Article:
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Show a little bottle(neck)

flu coadministration

If my GP was to knock at my door today and ask me if there was anything I was worried about, I would have enough queries to fill at least a ten minute consultation, and probably a lot longer. It is equally true that all my grumbles are 99.9% likely to amount to nothing.

When it comes to free healthcare, there is literally a never-ending demand that could be filled if the supply was there. So the Government’s desire to try and satisfy that demand is pointless.

Which brings me on to econsultations. A motion at the UK LMCs Conference – which effectively dictates policy for the BMA GP Committee – calls on the GPC to ‘conduct a full impact assessment of the effect of the roll out of uncapped instantly available e-consultations on the availability of more proven consultation models’.

I couldn’t agree more. Especially during the pandemic, it has become easier than ever to log a query with a GP because it is a case of filling in an online form without having to speak to anyone or explain anything in great detail. (Which, of course, makes the Mail on Sunday’s campaign for GPs to ‘open up’ even more distasteful).

A measure of awkwardness – or, as one LMC representative puts it, a ‘bottleneck’ – to getting through to a GP is an absolutely essential part of the process. It means that I don’t bother you with my Achilles (which is getting much better thank you). And that time you would have spent dealing with my Achilles is spent on a vulnerable patient who is, ironically, less likely to use an econsultation form.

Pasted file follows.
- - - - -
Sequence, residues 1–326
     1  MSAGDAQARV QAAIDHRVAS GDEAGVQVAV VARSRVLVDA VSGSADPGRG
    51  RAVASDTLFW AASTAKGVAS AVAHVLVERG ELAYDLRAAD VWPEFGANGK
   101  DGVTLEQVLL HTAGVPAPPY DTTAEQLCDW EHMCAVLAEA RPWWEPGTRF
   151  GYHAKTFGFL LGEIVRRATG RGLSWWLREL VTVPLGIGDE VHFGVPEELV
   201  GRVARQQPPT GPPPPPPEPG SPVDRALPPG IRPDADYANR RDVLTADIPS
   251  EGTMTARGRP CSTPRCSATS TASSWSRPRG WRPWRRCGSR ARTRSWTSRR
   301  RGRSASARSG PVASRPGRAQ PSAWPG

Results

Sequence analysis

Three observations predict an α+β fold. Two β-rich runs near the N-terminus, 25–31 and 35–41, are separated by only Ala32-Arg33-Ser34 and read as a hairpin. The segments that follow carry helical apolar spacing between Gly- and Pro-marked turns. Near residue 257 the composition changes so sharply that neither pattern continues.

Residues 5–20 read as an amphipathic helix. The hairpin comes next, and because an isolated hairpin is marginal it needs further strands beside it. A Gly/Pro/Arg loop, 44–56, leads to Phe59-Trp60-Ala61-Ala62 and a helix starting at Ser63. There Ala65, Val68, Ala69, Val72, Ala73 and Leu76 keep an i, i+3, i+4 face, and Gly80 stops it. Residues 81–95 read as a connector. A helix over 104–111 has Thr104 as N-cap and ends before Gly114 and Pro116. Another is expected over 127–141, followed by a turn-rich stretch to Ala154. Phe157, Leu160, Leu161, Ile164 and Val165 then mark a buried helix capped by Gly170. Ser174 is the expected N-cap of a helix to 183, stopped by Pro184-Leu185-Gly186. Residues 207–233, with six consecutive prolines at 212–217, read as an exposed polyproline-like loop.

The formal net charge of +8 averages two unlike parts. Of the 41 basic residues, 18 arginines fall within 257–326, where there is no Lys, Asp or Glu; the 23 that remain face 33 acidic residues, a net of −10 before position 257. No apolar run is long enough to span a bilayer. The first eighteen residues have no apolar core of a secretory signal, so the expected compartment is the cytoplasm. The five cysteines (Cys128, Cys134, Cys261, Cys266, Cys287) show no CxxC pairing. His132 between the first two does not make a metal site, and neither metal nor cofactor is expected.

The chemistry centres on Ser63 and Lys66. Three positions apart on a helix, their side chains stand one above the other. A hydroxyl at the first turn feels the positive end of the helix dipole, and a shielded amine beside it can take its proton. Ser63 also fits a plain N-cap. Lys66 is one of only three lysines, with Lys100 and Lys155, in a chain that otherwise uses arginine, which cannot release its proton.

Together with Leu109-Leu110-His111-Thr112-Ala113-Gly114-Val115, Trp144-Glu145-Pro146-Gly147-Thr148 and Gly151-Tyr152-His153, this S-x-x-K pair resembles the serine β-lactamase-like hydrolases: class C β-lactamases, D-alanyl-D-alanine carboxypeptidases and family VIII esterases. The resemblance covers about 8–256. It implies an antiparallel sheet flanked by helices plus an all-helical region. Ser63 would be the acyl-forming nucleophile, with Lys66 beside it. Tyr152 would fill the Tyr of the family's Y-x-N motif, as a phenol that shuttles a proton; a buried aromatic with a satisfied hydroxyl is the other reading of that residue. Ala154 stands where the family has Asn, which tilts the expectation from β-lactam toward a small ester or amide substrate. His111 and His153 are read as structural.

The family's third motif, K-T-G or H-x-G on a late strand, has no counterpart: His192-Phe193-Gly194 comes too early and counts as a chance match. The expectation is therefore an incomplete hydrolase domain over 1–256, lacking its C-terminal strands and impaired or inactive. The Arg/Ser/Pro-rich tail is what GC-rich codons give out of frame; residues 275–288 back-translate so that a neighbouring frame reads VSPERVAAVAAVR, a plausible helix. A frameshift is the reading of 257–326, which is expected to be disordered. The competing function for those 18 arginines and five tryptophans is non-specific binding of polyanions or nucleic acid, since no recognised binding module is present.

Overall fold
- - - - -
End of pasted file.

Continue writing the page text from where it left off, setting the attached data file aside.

But there is a wider point. The GPC should not focus its efforts on getting the tools to meet demand, in the form of extra staff. Instead, it should be encouraging the bottleneck. And if it is worried about the headlines – well, that battle is already lost.

Jaimie Kaffash is editor of Pulse. Follow him on Twitter @jkaffash or email him at


Patrufini Duffy 12 May, 2021 9:08 pm

The NHS and General Practice has cataclysmically evolved, into an artistic e-comedy instead of science. Treating personality disorder, fiction and behaviour, instead of disease and pathology. I’m glad sertraline and loperamide stocks are high.

Simon Gilbert 13 May, 2021 9:27 am

If only someone could invent a mechanism or technology whereby you could dynamically score the value of someone’s willingness and ability to supply an amount of healthcare with the willingness of someone to give up their own stored and earned time value in order to meet that supply…

Nope can’t work it out, best leave it to central planners to allocate resources!

Vinci Ho 19 May, 2021 9:40 am

As I put in my own LMC monthly meeting , this slippery slope fallacy reminds me of ‘changes in quantity will lead to changes in quality ( in the right direction)’ in dialectic materialism . To me , that is a farce.
Everyone seems to have forgotten the words: CONTINUITY of care , which governs our quality in general practice , which ,I admit, is difficult to measure .
For that , I would also refer to those who are keen in quantum mechanics : no matter what scale/system you use to ‘measure’ the behaviour of quantum particles (which presumably dominate the our universe ) , there is always a significant discrepancy deviated from the actual reality. Salute to physicists like Erwin Schrödinger ,Werner Heisenberg etc .